Maryland Senator Ron Watson, who has authored online casino legislation in previous years, filed two bills in the last week of January related to iGaming. The first bill, Senate Bill 565, would allow Maryland residents to vote on iGaming in November. The second bill is Senate Bill 603, which would legalize Maryland online casinos if voters approved the first piece of legislation.
While an increase in tax revenue is something most state governments are fond of, there are concerns raised in an iGaming study that will need to be solved first.
What happens next?
SB565 and SB603 are both scheduled for a hearing in front of the Senate Budget and Taxation Committee on Feb. 28.
Details of Watson’s iGaming bill
While the casino industry is thriving in Maryland, Watson feels it could grow larger still. His method of expansion is adding online casinos to the suite of gaming offerings in the Old Line State.
SB603 was read on the Senate floor for the first time and then was released on Friday, Jan. 26, to the public. Within the bill is an outline of how a potential online casino industry would operate in Maryland.
The bill allows for five internet gaming licenses to be made available that will run for five years. Each will cost $1 million and there can be up to two operators per license. In order to qualify for one of the online casino licenses, at least 250 full-time jobs must be created within Maryland and those jobs must be maintained. Any company that wants one of those online casino licenses also must spend at least $5 million to build a studio within Maryland where the live-dealer tables will be operated.
A high tax rate at 47%
Operators will keep 53% of the revenue generated. The remaining 47% will go to the state in the form of tax contributions. During the first year of online casino gaming, operators can deduct free play and promotional plays from the total revenue to lower their tax bills. After the first year, operators are allowed to deduct no more than 20% of those free plays.
If Maryland adds iGaming, it would be the eighth state to do so. The others are Connecticut, Delaware, Michigan, New Jersey, Pennsylvania and West Virginia. Rhode Island has passed online casino legislation, but wagers are not being taken yet.
Two separate studies have been done on the potential impact iGaming could have in Maryland. In one of those studies, it said there is an estimated $900 million of taxable revenue that could be drawn from iGaming.
Concerns will have to be addressed before passing an iGaming bill
But another study said that any gains from iGaming could be offset by the sacrifices required to add an online casino market.
Just a few days before SB603 was released, a study on online casinos was filed that did not shed a positive light on iGaming.
The report in question was requested by the Anne Arundel County Chamber of Commerce and carried out by the Sage Policy Group. Sage Policy Group CEO Anirban Basu, who used to serve as the Chair of the Maryland Economic Development Commission, was the one tasked with carrying out the study.
Basu presented six points, and none were in favor of legalizing online casinos. Here are those six takeaways:
- Possible cannibalization of the thriving casino industry
- Legalizing iGaming could destroy more Maryland jobs than it creates
- Non-gaming industries would also take a financial hit
- Legalizing iGaming would reduce capital investments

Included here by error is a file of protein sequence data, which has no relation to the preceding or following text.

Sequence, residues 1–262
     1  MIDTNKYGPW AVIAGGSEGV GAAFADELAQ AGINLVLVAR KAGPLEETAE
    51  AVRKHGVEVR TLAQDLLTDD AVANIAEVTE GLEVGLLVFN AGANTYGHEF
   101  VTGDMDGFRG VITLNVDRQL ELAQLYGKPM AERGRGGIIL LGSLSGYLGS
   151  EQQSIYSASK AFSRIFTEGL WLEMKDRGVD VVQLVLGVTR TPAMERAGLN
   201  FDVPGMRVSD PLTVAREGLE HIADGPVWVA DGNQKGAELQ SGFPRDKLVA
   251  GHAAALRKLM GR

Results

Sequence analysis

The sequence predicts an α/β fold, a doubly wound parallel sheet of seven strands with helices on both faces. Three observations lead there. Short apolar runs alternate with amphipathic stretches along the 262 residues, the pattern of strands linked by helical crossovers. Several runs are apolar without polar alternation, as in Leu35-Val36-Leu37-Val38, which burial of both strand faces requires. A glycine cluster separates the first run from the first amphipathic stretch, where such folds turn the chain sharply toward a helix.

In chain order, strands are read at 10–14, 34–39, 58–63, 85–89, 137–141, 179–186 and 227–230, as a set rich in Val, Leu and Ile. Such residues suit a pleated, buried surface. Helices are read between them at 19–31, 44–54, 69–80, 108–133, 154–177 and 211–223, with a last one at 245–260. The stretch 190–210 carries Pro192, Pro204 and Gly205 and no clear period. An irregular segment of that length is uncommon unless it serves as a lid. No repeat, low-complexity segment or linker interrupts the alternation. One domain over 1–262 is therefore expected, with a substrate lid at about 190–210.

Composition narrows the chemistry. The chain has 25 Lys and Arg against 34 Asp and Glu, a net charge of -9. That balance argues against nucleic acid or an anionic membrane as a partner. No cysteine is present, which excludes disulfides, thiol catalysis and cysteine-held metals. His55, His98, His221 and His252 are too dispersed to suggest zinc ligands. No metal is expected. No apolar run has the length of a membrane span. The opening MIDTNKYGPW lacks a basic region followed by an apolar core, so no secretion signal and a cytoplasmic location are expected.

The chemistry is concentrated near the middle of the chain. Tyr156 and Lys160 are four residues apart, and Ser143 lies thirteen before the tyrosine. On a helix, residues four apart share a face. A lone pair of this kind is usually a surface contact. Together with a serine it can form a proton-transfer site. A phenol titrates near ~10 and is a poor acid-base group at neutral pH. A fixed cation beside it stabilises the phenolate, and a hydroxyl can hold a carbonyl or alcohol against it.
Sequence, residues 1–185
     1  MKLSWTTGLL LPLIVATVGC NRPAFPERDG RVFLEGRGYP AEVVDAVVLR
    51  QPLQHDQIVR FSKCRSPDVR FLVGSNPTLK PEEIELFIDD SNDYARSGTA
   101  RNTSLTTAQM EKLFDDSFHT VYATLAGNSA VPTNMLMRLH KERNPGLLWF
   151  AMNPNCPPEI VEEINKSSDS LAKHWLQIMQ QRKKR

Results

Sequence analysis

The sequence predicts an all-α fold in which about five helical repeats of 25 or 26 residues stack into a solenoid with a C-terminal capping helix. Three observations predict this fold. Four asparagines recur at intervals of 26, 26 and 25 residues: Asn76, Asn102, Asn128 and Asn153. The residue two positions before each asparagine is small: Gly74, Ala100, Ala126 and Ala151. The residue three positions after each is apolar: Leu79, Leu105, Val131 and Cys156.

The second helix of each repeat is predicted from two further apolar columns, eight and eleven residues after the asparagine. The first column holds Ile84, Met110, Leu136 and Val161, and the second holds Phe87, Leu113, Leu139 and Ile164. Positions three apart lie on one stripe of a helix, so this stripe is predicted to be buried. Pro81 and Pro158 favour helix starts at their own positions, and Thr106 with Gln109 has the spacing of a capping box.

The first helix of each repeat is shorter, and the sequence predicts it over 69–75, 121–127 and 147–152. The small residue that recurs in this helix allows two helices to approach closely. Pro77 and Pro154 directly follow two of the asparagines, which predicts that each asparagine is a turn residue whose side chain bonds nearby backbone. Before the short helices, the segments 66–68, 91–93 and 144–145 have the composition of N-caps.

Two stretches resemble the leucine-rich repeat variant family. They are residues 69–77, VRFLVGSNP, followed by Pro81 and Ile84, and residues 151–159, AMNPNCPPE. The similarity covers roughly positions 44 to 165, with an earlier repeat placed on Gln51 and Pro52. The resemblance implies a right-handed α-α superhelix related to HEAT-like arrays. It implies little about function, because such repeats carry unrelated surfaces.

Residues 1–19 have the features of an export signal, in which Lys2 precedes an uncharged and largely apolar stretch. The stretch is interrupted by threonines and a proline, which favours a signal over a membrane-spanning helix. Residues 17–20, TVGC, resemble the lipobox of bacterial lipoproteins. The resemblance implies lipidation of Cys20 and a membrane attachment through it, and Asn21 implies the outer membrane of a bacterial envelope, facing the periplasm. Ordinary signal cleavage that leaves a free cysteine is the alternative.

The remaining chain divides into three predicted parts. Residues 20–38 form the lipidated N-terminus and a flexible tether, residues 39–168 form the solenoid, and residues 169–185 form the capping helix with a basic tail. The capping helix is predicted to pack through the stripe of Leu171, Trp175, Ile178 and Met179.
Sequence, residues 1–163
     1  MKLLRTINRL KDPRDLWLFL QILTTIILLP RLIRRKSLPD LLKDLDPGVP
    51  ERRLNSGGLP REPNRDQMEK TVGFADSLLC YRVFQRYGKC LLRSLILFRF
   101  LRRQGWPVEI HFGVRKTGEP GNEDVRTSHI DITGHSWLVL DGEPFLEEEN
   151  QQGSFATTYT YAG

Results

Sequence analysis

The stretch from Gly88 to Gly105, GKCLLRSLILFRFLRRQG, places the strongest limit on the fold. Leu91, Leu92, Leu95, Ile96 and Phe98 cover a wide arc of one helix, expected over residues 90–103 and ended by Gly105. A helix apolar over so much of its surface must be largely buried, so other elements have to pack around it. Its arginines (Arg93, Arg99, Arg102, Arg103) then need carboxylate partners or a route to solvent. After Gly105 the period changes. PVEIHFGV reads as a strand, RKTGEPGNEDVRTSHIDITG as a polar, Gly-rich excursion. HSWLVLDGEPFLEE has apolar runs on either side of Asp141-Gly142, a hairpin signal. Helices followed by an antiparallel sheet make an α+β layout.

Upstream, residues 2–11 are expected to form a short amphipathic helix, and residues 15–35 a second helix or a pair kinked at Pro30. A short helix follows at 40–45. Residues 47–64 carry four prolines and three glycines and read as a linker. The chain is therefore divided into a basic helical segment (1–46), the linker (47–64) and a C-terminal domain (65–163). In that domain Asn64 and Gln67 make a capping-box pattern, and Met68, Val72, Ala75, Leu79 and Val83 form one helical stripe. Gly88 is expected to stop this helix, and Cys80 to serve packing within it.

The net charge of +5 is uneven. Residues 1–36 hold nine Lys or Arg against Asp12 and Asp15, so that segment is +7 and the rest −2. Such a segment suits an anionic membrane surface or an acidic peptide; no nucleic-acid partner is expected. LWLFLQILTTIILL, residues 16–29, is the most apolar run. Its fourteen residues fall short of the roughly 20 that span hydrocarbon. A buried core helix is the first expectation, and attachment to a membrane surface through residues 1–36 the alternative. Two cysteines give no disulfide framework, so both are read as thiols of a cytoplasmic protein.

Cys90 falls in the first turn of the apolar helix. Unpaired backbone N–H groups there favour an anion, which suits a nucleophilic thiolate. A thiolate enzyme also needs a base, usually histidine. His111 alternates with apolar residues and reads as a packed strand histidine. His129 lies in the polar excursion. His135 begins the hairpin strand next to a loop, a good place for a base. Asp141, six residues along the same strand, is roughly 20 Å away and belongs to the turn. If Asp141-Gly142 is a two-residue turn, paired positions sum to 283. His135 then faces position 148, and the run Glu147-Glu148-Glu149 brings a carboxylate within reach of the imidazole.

- Trading casino foot traffic for online wagering hurts businesses that surround casinos
- Taxes from iGaming might be offset by the sacrifices required for online casinos to thrive
The two biggest worries from the Sage report were the loss of jobs and the impact iGaming could have on non-gaming industries.
According to the study done by Sage, the lowest estimated number of jobs that would be destroyed would be 685. That would mean a $65.6 million loss of wages overall. That loss in wages would mean the state would lose out on $1.9 million in state income taxes and $1.2 million in local income tax collections.
With that loss of jobs and income, some worry the negatives of iGaming will outweigh the benefits. The report by Sage used New Jersey as an example of that issue. Despite $2.4 billion coming from online casinos in 2022 in New Jersey, the state saw a fall of $180 million in economic activity and wages fell by a combined $900 million. To end the report, Basu warned that Maryland could follow a similar path as New Jersey.
“These negative impacts — the loss of high paying union jobs and the associated labor income and income tax revenue, fewer agglomeration effects, and reduced capital investments — would also be present in the event that iGaming is legalized in Maryland.”
Different report focuses more on positive impact iGaming could have
There was another report submitted to the Maryland Lottery and Gaming Control Agency about the possible impact of iGaming in the state. This report was carried out by The Innovation Group. It had a very different message than the report submitted by the Sage Policy Group.
Instead of advocating against iGaming, The Innovation Group actually found that online casinos could be a positive for Maryland. According to the study, lottery sales were virtually unchanged in states with iGaming. States without iGaming have a 12% net growth in lottery sales. States with iGaming, meanwhile, have seen an 11.9% increase in lottery sales.
There was also evidence shared that online casinos can help retail casinos bring in more customers. In 2017, David Satz of Caesars Entertainment spoke in front of the Pennsylvania Legislature. He noted that 80% of Caesars online casino customers in New Jersey were not in the Caesars database.
The truth likely lies somewhere in the middle of each report. Regardless, the appetite for online casinos is growing in Maryland.